Root		       |		-------+---------		|      |         \  Shader		1      2          3		|     / \        / \   		|    /   \      /   \  Texture		1   1     2     1   3		|   |    / \    |   |		|   |   /   \   |   |Something	2   3   1    2  3   1		F   A   BG   C  D   E

The internal grouping nodes represent a perticular state value. If a new asset is being added that doesn't have a matching grouping node for its state value, that grouping node is created, so when the first asset "A", was added to the list, three grouping nodes were created for each of the three states I'm sorting by. When B was added however, only two were created, because A shared the same shader, and had already created that grouping node. When sending data to the renderer, each branch is fully explored before returning to a higher level of the heirachy, so the topmost state change will change the absolute minumum number of times.

This is just the theoretical idea. I haven't given all that much thought to the data structures I'll have to employ to allow fast comparison of state values to grouping nodes, and I haven't run tests to measure the efficiency of this structure, but I think it has promise. It may be more of a hinderance than a help when there are just a few objects, but when there are a few thousand renderables being thrown at it, it should really provide a boost, as long as the time required to add new items can be minimized.

EDIT: Note that this doesn't solve the TSP problem to find the absolute minimum number of state changes. If state changes of both priorities 2 and 3 changing at once is more expensive than a single priority 1 state change, it won't handle it. This is slightly different to the TSP problem though, because in TSP, a change in any direction is equivelant. In this case, some are more expensive, hence the priority ordering. Also, in this, you don't have to end up back where you started.

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Nemesis2k2 brings out some interesting points, unfortunately I'm still at work and don't have time to write a real response. I'll respond again in a few hours.

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Quote:
 Original post by Nemesis2k2

Okay, I honestly wanted to reply to this with a long drawn out explanation, but unfortunately I'm swamped at work and I keep telling myself "I'll just get this last feature in before I go home". I've been saying that for over 5 hours now, and I'm still not ready to go home. But I said I'd respond again so I will, it'll just be a bit shorter and less explanatory.

Briefly: The cost of inserting every object into that tree every frame is more than likely going to outweigh any benefit you'd get from the sorting. Insertion into the tree gets more expensive as the tree grows, so the more objects you have in your world the longer it takes to build the tree. You'd probably be better off doing a quick or merge sort on a list of all visible objects. Alternatively, you could rely on temporal coherence and possibly be better off with an insertion sort.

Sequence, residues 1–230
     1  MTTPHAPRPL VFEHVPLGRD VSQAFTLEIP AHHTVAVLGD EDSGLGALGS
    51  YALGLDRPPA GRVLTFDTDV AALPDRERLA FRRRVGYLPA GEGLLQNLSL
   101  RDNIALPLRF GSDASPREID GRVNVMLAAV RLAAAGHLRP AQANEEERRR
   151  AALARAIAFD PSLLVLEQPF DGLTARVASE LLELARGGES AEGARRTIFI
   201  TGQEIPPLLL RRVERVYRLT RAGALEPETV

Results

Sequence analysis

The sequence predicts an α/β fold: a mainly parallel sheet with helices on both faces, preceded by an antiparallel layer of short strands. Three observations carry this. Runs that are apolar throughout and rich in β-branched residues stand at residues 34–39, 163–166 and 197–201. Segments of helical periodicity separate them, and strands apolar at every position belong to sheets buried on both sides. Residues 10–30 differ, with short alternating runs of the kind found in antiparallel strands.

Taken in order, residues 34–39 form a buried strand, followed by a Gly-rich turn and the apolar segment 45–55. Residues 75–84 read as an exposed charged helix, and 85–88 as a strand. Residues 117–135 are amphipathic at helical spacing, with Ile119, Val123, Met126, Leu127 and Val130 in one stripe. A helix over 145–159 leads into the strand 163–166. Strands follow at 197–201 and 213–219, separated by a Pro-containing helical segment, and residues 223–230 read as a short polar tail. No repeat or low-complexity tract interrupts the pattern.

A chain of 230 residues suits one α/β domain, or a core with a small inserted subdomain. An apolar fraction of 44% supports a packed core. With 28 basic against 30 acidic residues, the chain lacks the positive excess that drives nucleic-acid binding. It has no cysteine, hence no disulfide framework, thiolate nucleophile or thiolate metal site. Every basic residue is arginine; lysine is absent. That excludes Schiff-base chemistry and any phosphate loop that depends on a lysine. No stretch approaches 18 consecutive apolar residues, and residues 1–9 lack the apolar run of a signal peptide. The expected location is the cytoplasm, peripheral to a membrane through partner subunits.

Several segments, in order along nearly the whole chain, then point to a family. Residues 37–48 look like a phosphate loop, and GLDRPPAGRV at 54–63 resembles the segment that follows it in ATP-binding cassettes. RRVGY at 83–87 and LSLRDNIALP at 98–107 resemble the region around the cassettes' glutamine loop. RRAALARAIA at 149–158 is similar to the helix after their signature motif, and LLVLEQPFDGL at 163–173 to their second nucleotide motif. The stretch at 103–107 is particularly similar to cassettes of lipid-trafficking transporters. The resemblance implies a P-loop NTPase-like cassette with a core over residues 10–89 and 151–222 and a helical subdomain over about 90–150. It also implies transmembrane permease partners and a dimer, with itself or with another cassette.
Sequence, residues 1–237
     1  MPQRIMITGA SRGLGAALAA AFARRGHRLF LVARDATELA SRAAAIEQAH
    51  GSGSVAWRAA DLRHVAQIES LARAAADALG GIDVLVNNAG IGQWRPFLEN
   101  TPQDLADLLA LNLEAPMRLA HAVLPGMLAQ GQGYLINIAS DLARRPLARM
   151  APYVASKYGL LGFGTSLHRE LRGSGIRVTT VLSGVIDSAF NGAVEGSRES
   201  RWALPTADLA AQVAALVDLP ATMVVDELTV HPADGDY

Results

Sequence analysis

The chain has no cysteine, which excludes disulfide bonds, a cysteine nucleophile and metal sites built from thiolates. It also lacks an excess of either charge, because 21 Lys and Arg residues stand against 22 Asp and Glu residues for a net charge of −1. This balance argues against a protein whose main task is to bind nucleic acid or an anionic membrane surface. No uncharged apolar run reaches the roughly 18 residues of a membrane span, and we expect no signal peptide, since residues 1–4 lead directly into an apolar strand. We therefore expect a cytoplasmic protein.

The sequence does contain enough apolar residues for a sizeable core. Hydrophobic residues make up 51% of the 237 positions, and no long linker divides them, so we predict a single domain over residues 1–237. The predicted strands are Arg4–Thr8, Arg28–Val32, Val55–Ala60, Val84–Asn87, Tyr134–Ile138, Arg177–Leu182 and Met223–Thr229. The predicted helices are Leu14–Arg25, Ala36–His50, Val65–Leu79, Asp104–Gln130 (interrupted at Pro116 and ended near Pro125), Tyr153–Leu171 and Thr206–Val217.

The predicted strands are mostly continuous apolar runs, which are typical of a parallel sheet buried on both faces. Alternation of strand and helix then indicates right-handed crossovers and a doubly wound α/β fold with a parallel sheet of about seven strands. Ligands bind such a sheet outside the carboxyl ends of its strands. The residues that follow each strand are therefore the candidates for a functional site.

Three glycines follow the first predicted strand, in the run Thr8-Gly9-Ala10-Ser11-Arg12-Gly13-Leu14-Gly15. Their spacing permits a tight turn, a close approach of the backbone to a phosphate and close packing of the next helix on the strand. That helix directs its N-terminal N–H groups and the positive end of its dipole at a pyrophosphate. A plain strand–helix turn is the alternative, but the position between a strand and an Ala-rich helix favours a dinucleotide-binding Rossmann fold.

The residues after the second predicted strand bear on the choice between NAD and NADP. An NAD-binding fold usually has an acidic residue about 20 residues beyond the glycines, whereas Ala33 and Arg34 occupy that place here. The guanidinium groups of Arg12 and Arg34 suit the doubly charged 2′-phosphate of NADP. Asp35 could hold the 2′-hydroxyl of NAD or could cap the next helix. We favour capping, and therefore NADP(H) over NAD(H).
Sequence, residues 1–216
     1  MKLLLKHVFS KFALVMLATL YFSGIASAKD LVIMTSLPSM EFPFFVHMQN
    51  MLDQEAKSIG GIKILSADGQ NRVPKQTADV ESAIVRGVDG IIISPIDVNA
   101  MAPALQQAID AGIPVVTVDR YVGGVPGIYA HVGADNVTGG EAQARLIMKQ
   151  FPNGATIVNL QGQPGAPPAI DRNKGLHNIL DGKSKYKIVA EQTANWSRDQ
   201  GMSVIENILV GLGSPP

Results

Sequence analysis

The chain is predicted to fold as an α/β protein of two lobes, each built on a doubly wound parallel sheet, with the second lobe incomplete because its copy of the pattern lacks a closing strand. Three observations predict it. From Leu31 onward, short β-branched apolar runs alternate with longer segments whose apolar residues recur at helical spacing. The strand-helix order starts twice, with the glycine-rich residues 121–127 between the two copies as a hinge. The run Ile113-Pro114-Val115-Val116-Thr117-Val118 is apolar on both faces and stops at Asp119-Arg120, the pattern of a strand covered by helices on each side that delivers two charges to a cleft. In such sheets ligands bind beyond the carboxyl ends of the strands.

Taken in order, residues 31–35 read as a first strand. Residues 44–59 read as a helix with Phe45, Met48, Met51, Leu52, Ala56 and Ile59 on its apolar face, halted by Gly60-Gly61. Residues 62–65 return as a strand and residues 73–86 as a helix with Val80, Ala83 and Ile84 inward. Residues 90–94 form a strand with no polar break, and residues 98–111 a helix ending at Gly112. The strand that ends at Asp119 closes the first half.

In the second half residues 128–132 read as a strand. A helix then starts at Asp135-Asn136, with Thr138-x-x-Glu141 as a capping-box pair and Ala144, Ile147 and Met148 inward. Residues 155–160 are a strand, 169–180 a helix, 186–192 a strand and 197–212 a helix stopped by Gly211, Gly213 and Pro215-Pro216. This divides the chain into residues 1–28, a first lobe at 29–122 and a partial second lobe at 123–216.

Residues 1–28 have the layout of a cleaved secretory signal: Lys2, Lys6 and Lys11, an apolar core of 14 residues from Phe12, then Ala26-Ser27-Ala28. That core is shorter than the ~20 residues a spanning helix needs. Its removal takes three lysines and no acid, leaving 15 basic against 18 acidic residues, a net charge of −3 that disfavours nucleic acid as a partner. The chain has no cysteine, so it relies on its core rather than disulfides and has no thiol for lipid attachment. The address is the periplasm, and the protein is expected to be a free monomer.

The TSP problem is a unique way of looking at this issue, but I'm not completely convinced as to it's practicality on modern hardware. As far as optimization is concerned you're probably better off sorting a simple list of visible objects as was stated above. This method would be especially efficient if you took advantage of the state capturing features of your preferred graphics APIs.

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Just thought I'd point out that it doesn't actually need to be a tree structure in memory. It can be easily implemented using a radix sort, by treating each component as a 'digit'.

-bodisiw

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Quote:
 Original post by NoahAdlerJust thought I'd point out that it doesn't actually need to be a tree structure in memory. It can be easily implemented using a radix sort, by treating each component as a 'digit'.

I'm not sure if you were referring directly to Nemesis2k2's proposed method or speaking in general. In a previous project I did use a radix sort to handle render state sorting. It worked out pretty well but I eventually moved away from it when I found more efficient methods.

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I think you guys are needlessly overcomplicating what's really a fundamentally much simpler problem. At least, it seems this way to me, and I'll attempt to prove why I think I'm right in the passage below, in a semi-rigorous way.

Background:

Here's a toned-down approach to the task, what I'll call (tongue-in-cheek) the "Barbecue Problem". You have a set S of n shiskebobs, S1 ... Sn. Each shiskebob has a number of meat cubes on it. You may not remove a given cube from a shiskebob unless you have removed all other cubes above it. Let S(i,j) denote the jth cube on the ith shiskebob and |Si| denote the number of meat cubes on shiskebob i. (The |Si|th meat cube on Si -- that is, S(i,|Si|) -- is the last one to be removed from that shiskebob.)

Each of the individual cubes thus corresponds to one of the passes; each shiskebob corresponds to a material. The stacking of the meat cubes on the shiskebob determines the order in which the passes must be completed.

Problem Statement:

The problem can now be restated as, "Given n and |S1| ... |Sn|, determine the number of possible ways to leave all shiskebobs empty."